Athens Review, Athens, Texas

February 26, 2013

Splash Pad funds OK’d, but veterans center takes detour

Jayson Larson
The Athens Review

ATHENS — It was a night of celebration for supporters of the ongoing effort to bring a splash park to Athens.

Not so much for developers who are hoping to build a veterans rehabilitation center at the site of the old Henderson County hospital.

The Athens City Council on Monday approved a pair of requests to propel the proposed Splash Pad at Kiwanis Park closer to its fund-raising goal of $200,000 — which is the total cost of the project. The city approved a $20,000 grant from the Athens Economic Devel-opment Corporation and signed off on $14,596 more that represents in-kind contributions of city equipment, labor and estimated water usage.

After Monday night, funds raised for the Kiwanis Park Splash Pad are at about $140,000. Splash Pad organizers later said if they can raise $30,000 in the next five days, ground can be broken immediately and the park can be opened by August.

While that project is moving forward, the planned Athens Training and Veterans Rehabilitation Center at 405 Lindsey Street took a step back when the council voted unanimously to send a zoning request back to the Planning and Zoning Commission.

That move will essentially start the zoning process over.

Various representatives of the proposed center, including Babit LLC owner Kevin Hambrick — who is spearheading the project — came before the council to request a zoning change for the site from “office” to “multi-family residential.”

Hambrick said the center — which could cost between $6 million to $8 million to build — could house up to 300 veterans of wars dating back to the Korean Conflict. While there, veterans would be given shelter while being trained job skills to re-enter the workforce after their service.

“We feel this would drastically improve the neighborhood,” said Ron Boone, owner of Boone and Boone Construction of Tyler. Boone said 180 jobs would be created by the center, and that it would have a “multiplying effect” on the Athens economy.

While many recommendations from the Planning and Zoning Commission are rubber-stamped, some members of the council — in addition to several nearby residents and business owners — expressed concern about issues including how the facility is being classified, parking and safety.

Athens Mayor Jerry Don Vaught told the council he is excited about the project, but that he would recommend the site be zoned only for specific use, rather than the multi-family designation — which would leave the site open for various types of construction projects should the veterans center plan fall through.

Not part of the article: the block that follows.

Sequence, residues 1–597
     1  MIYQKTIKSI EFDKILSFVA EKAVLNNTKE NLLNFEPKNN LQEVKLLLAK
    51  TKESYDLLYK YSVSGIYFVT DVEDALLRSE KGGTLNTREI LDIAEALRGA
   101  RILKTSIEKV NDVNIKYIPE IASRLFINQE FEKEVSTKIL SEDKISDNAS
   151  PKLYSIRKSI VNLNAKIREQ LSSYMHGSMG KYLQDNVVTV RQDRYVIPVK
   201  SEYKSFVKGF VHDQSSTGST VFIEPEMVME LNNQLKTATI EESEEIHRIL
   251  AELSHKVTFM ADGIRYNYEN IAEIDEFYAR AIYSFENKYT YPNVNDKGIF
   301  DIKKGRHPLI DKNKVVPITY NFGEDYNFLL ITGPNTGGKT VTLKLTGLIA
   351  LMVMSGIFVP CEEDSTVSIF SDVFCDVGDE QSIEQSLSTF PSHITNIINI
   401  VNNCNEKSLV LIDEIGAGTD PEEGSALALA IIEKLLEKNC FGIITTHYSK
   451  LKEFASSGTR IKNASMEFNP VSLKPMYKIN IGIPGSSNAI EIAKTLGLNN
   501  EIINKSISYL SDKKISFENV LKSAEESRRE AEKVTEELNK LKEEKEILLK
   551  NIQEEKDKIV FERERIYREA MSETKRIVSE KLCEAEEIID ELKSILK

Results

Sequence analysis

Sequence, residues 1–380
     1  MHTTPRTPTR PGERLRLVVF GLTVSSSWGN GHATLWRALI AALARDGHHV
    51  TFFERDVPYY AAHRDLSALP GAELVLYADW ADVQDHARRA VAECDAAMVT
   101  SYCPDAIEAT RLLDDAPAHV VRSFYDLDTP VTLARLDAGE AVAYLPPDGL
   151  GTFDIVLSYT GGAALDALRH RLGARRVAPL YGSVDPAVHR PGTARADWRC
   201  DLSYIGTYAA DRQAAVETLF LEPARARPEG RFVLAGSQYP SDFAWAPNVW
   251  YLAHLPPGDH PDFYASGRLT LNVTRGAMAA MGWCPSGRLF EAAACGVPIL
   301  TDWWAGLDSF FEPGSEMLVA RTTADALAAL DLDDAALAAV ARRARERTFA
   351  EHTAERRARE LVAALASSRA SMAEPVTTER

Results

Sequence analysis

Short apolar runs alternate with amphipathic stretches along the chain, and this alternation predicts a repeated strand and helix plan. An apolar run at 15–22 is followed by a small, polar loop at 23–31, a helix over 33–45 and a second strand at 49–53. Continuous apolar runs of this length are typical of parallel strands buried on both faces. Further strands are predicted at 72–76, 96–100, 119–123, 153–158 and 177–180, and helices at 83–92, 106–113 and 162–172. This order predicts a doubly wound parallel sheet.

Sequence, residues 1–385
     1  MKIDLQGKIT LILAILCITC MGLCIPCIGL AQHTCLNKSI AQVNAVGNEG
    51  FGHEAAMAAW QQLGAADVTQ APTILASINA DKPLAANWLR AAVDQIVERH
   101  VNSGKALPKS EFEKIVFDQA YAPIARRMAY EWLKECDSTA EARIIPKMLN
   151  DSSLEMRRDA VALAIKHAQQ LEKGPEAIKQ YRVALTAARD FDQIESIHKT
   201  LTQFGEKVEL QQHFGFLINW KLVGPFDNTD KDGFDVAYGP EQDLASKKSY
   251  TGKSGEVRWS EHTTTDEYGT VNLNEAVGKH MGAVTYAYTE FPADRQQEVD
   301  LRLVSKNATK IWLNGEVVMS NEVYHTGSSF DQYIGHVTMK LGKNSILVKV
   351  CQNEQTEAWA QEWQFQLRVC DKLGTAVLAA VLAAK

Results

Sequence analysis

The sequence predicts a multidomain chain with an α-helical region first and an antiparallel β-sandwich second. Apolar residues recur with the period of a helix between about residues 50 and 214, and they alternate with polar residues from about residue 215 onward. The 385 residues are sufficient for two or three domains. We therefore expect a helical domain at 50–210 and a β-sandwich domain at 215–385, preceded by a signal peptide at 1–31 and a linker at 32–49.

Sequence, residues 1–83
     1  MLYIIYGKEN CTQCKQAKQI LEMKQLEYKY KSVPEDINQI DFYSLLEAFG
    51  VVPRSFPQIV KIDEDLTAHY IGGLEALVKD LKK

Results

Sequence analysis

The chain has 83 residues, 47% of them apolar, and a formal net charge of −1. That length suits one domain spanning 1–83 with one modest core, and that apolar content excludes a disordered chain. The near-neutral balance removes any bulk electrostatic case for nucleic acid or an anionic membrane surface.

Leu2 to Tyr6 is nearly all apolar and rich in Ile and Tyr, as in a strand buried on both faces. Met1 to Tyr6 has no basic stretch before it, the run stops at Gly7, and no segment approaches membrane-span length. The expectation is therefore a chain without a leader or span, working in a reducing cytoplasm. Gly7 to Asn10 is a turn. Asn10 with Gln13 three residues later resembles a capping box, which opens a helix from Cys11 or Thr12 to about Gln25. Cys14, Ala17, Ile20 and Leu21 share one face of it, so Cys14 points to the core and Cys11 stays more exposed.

If the P&Z Commission were to recommend a specific-use permit only, letters to nearby residences and businesses could then be re-issued to inform the community.

City Administrator Pam Burton said those residents and business owners might be under the impression that the old hospital site will be used as an assisted living facility based on previous information they’ve received. Babit LLC’s zoning request was for an “assisted living facility.”

However, Hambrick admitted Monday night the center will not be a healthcare or assisted living facility. It will be staffed with physician’s assistants and registered nurses, for example, but not by doctors. He later agreed with Burton’s assessment that the center will serve as “transitional housing for veterans who are between homes.” Hambrick said an earlier conversation with Burton, when he said the center would house homeless veterans, was overstated.

Missy Bason, owner of the Missy’s Professional Hair Care on Linsdey Street, asked developers how they could guarantee the veterans living at the facility won’t be dangerous or mentally unstable. Jim Clark, a Tyler architect involved in the project, said there will be an abundance of lighting and security cameras around the facility.

Despite the complications, councilmember Elaine Jenkins said she hopes the city can find a way to make the veterans center a reality.

“These are people who fought for us,” she said. “If we can get the zoning right, this is something that is needed in this community.”